Marianna (said daughter) would have been equally as delighted spending a few hours doing a puzzle, having pancakes for dinner, and watching Spongebob. So. The question I must ask myself is why, when I have SO much going on and not SO much dinero, do I add things like this to my plate. Simple answer= mommy guilt= overcompensating (usu. in the form of gifts) for our kids when we feel like we dont pay them as much attention as we'd like.
Yes, I am proud of my daughter. It is my daily goal to make her happy. But when I am constantly pulled away by and for work- especially compounded by the fact that I work from home- I admit that I do extra things to supplement for my absence. Sometimes I wonder, if I'd rather work a regular 9-5- at least I'd come home and for the most part, be present. I work so hard to be able to "be here" that the sad irony is that, though I am home, I'm not present as much as I'd like to be. So much for WAHM.
I started this company for my daughter. When we went to buy age appropriate technology tools for her all I saw was plastic and dot matrix and NOTHING that would work with our home computer and help enhance her experience with technology. So I created it- the myPC Stage I Keyboard was born (and the Stage II, III and more!). To this day, she will point at pictures of the MyPC Stage I Keyboard and say- "that's my computer!". There is no better feeling in the world than knowing that I accomplished this- for myself, for Mari, and for all the other toddlers and kids that use the product. I have been afforded the opportunity to be around to drop my daughter off at school and pick her up in the afternoon, to spend at least ONE day a week when I try not to work at all and just focus on her. My reasoning is that the harder I work now, the more time I will have for her in the very near future. Am I kidding myself?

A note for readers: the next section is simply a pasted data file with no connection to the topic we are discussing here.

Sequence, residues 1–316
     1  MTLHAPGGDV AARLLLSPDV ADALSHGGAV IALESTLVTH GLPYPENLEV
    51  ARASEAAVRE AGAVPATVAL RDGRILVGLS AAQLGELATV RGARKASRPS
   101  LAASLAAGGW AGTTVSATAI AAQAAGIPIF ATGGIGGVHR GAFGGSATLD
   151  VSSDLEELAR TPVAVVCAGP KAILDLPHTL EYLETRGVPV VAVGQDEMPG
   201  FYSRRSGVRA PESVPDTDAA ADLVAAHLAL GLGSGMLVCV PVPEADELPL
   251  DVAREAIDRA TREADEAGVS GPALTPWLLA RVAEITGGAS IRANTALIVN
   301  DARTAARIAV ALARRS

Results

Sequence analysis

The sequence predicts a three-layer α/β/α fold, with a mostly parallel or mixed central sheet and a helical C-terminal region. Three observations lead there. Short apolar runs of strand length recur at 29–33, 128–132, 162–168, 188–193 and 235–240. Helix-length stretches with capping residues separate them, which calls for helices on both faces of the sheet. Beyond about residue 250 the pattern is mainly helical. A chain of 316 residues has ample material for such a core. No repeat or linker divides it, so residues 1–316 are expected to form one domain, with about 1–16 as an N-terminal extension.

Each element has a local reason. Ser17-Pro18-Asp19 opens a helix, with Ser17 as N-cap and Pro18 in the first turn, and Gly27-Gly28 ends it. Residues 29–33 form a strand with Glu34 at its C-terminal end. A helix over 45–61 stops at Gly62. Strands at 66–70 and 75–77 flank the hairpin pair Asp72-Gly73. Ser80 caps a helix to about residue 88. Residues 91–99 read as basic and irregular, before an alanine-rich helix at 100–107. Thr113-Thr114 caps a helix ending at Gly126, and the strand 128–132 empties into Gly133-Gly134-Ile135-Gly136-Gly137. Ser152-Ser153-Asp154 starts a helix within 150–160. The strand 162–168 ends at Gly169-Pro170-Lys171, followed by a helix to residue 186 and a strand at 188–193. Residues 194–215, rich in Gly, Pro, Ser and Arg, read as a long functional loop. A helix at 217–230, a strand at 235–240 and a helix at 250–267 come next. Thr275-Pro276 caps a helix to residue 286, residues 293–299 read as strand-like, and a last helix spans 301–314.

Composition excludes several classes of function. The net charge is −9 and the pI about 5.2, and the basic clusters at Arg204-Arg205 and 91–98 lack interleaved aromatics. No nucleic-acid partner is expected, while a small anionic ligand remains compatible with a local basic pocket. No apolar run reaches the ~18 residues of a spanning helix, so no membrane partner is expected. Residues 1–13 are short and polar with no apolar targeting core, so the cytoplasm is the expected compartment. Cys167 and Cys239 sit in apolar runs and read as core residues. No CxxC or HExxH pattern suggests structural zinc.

I have seen the term "Mommy Guilt" surfacing all over the place. (BTW, Is there "Daddy Guilt" too? And if so, do we talk about it?) I work very hard, always have and am a mom. Balancing work and home is a common and daily struggle. At the end of the day, the benefits outweigh the costs... I guess.
At any rate, a fellow mom has recommended the book, "I was a really Good Mom Before I had Kids", by Trisha Ashworth. Check it out, let me know what you think. Im going to read it too-
Three moms (or dads) who comment on how you deal with mommy/daddy guilt get a FREE myPC Stage I Keyboard for your child! Winners will be announced next week.
We are ALL winners with myPC, so for 20% off of the first spill proof keyboard for toddlers, visit www.mytechstart.com and enter Promo Code 20PERCENT at check out. Enjoy!
at 4:04 PM